Feed on
Posts
Comments

Pets and Memories

The story “Dog Heaven” by Stephanie Vaughn is about a moment in a girl’s life when her family is stationed in Fort Niagara.  What I love about this story is the fact that there are so many elements to it.  The story is called dog heaven, so obviously the dog plays a role of importance, but another part focuses on the political tension in America after the bombing of Pearl Harbor, while another focuses on the life of an army brat, while another focuses on the dynamic between two friends in their attempts to fit in.

Duke, the dog, is such an interesting character in the story because he is given such personality for being, in fact, just a dog.  He shows how important animals can be to families, and how they really become part of the memories of our life. When the character is talking about her last day in town, she recalls the dog escaping and running back to meet her and her brother. “My name is Duke! My name is Duke! I am your dog! I am your dog!” I love the dialogue that she gives Duke because it represents what I think a thought process of a dog is, they know what they are and who they are, but not much else. What they are and who they belong to is all that they need to be happy.  Also, the repetition of his speech is found at the very end of the story when the narrator says, “It was a good day, it was a good day, it was a good day.” This ending was by far my favorite ending out of all of the stories that I’ve read. The memories that the narrator is thinking about are happy and simplistic. The time in her life was happy and simplistic, and the thought of that is enough to make her happy.

The scene in the classroom with Miss Bintz was able to bring up the issues of political unrest in America. This scene was a great example of how to write in a younger mindset while also pointing out things that an older mindset will be able to pay attention to.  Miss Bintz pointing out these war horrors to the children of army families seems almost harsh. They are not responsible for the decisions of their parents or the country, but it also shows the frustration that people had with the horror of these crimes.  Even though it is never overtly stated, I like how Vaughn is able to portray both of these perspectives (the  child and the frustrated adult) in this scene.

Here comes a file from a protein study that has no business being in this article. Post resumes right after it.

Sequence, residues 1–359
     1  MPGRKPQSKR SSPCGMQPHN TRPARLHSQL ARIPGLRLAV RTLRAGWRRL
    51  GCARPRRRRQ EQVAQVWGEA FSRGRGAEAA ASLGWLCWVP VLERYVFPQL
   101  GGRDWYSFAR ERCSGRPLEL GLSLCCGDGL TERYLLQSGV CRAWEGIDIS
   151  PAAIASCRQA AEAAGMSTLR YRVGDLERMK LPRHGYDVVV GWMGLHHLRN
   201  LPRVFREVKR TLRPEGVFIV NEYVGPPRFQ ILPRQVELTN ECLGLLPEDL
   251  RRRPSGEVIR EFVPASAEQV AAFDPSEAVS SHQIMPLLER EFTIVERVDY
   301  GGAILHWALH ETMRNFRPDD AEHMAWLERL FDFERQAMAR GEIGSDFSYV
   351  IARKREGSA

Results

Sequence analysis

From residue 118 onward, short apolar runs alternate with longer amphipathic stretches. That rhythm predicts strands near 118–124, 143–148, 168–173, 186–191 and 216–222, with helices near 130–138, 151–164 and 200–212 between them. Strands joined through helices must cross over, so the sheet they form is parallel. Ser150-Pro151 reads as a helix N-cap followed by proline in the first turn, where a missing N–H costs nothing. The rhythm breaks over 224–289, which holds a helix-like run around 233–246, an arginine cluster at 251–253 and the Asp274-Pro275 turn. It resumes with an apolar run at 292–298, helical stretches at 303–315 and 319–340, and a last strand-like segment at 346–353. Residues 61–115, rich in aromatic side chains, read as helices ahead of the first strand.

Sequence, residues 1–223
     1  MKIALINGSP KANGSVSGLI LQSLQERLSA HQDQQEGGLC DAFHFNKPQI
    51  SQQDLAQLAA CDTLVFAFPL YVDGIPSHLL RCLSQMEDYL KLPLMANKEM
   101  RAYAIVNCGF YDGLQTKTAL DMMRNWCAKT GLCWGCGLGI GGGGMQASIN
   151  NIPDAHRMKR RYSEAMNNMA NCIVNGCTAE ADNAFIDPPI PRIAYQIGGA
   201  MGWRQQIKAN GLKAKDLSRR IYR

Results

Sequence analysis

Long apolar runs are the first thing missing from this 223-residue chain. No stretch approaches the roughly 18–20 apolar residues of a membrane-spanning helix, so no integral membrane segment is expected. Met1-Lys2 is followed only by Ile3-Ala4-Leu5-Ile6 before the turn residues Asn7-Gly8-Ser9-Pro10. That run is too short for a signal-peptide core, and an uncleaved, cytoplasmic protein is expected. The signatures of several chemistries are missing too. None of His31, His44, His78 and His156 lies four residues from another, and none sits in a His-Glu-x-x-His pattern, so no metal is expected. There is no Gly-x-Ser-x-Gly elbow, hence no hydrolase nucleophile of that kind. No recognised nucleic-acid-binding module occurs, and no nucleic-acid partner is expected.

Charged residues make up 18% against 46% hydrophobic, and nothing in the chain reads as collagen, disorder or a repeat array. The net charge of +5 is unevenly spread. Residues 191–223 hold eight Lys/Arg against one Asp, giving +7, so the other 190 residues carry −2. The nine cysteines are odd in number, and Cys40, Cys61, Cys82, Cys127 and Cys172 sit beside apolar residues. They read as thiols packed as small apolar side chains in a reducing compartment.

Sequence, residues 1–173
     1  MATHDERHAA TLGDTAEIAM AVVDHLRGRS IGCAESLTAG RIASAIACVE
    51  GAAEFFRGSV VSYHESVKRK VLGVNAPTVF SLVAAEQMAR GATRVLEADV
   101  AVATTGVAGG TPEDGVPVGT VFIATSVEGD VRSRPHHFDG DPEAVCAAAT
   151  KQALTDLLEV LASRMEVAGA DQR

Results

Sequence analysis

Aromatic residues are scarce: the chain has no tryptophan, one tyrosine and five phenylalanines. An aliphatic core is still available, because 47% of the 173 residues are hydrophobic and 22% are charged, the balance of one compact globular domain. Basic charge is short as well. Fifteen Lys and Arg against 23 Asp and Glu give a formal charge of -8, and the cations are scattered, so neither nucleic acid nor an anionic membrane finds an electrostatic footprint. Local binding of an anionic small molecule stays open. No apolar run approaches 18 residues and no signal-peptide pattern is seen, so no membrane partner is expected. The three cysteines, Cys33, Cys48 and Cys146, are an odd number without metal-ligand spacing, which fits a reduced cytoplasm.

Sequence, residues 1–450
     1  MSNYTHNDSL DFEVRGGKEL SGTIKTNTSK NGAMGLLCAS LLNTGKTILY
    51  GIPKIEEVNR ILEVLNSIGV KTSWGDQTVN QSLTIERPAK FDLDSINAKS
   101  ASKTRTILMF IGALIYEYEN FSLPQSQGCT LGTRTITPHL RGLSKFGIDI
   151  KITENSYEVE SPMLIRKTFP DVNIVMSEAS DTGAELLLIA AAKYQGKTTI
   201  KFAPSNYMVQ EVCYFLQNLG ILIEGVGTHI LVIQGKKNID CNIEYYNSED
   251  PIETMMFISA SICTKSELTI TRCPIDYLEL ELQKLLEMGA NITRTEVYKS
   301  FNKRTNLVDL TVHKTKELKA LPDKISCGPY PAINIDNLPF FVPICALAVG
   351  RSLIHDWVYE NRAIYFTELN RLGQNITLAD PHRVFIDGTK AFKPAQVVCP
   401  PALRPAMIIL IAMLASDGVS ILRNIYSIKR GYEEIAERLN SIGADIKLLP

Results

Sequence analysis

Another thing that I really like about this story is it’s display of childhood feelings. Army brats have a tougher time than normal kids with integrating into school since they are constantly moving around.  Vaughn does a great job of showing this while also showing how children want to fit in.  Sparky and Gemma both imagined interactions with some of the more popular children at their school.  I remember doing this when I was in sixth grade.  The struggle to be accepted is something that people have to deal with in many phases in their life, and showing this not only makes the reader think about their childhood, but these struggling moments in general.

Comments are closed.